You can also ask if it will help you, after getting the "right information" information, "what if you heard [information at the table]?" It can assist with determining if the call was suggested by the information (I have had times when "no, that just makes [the call I made] more valid, because..." and that ends up being the ruling. Obviously, if it's obvious to the next table over that the UI suggested the call made, you don't need to do that, but if you're not sure either, use the pollees to check. They are the peers, after all, not (necessarily) you).

If you're asking about misinformation, of course, you don't have a clean slate. The player already has both explanations; the question is now would it make a difference and why? And then if that seems at all reasonable, you poll to find out if it is, in fact (and of course, they only get the correct explanation, first).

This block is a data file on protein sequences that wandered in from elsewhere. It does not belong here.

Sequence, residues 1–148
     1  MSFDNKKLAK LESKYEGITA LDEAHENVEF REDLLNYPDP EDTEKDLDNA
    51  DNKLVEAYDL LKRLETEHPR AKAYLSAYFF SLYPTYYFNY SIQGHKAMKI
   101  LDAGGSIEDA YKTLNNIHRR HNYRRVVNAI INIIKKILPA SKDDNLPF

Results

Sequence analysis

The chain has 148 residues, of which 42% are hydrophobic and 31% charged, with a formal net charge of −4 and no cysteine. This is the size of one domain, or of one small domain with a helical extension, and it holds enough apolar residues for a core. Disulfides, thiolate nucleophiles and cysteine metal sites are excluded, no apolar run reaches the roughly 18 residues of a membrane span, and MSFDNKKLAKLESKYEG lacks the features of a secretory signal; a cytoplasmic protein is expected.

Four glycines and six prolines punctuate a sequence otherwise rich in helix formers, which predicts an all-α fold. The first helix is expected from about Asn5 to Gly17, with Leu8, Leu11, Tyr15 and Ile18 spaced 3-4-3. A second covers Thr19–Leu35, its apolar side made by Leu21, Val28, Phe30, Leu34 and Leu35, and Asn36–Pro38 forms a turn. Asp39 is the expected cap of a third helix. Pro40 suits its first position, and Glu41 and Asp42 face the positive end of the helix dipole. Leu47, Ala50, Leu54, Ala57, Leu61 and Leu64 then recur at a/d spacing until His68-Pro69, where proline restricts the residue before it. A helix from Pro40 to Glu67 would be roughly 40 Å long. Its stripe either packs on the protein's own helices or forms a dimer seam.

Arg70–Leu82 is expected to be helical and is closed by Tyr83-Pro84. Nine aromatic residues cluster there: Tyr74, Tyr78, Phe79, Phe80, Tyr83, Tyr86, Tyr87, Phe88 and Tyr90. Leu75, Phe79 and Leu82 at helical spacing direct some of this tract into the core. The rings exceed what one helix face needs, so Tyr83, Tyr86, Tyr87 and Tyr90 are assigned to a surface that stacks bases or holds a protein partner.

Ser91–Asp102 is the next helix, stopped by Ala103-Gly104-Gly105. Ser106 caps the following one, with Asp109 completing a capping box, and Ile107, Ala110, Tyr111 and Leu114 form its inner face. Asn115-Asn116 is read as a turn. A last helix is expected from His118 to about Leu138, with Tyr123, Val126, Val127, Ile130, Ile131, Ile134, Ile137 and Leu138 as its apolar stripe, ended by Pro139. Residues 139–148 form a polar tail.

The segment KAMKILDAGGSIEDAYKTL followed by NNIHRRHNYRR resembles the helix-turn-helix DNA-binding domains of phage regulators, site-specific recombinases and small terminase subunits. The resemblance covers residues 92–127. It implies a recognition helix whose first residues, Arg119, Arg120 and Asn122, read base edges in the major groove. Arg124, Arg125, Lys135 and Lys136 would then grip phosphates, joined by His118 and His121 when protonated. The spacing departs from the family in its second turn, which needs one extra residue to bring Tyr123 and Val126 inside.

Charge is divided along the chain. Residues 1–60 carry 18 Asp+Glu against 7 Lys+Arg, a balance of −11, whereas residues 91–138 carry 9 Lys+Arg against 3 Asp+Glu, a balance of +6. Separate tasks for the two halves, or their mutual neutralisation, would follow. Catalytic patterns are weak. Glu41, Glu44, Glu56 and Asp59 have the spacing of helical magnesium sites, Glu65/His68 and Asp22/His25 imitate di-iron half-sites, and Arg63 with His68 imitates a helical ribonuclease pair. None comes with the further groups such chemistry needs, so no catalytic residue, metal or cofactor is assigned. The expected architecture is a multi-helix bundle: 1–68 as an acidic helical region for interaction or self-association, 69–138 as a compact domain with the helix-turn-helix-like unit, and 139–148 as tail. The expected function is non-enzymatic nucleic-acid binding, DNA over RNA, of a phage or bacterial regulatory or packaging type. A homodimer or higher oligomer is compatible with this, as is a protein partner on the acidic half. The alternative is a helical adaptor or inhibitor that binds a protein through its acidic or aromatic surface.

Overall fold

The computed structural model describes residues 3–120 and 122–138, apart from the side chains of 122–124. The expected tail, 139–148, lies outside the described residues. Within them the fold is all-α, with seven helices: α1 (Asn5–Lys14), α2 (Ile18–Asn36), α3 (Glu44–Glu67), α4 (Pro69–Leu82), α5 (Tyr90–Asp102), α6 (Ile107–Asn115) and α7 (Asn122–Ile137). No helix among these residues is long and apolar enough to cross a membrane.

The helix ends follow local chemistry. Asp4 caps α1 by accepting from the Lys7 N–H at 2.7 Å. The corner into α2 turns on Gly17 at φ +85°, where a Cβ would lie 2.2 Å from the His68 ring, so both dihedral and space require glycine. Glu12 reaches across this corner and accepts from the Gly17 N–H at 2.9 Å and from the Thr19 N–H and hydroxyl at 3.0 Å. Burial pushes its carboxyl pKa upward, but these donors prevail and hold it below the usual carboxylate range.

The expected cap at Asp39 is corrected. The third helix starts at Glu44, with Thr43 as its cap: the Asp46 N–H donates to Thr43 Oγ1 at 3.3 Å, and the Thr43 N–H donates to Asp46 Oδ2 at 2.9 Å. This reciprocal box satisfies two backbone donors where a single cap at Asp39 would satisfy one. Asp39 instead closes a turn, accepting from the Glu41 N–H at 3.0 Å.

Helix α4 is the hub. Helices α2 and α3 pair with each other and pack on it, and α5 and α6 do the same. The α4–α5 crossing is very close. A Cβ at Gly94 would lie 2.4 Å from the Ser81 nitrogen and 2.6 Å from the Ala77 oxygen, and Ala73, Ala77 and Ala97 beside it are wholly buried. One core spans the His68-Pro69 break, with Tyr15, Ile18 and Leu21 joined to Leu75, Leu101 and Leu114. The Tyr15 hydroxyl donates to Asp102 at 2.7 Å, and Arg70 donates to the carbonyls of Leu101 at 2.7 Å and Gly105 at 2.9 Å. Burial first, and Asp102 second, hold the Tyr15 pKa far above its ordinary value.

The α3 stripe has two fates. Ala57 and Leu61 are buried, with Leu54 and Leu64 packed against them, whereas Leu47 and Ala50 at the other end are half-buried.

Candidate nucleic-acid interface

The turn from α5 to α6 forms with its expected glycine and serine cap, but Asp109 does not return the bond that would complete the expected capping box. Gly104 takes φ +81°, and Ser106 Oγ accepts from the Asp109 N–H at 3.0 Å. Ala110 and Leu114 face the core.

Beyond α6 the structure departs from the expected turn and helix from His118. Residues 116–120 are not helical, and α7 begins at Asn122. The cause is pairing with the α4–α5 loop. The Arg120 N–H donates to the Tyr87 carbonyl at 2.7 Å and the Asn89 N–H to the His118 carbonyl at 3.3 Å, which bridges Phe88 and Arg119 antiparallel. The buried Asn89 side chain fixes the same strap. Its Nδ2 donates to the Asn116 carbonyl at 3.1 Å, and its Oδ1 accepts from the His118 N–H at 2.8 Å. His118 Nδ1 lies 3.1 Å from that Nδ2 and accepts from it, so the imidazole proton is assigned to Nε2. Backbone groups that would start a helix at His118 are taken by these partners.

Good sense, but difficult to put into practice in my (limited) experience, particularly if the polling situation is online video rather than face to face.
When you try to find out if they would seriously consider anything else, they tend to shortcut to 'what would I bid', or deviate to 'what is best', or keep quiet about an alternative they would seriously have considered because worried that their peers may think them foolish. I find it easier to control the situation face to face, and guess I am just unlucky in this respect. I would certainly welcome a polling feature built into an online platform, so that each of them could respond in private and after due thought, and I could involve a more statistically significant number of them too.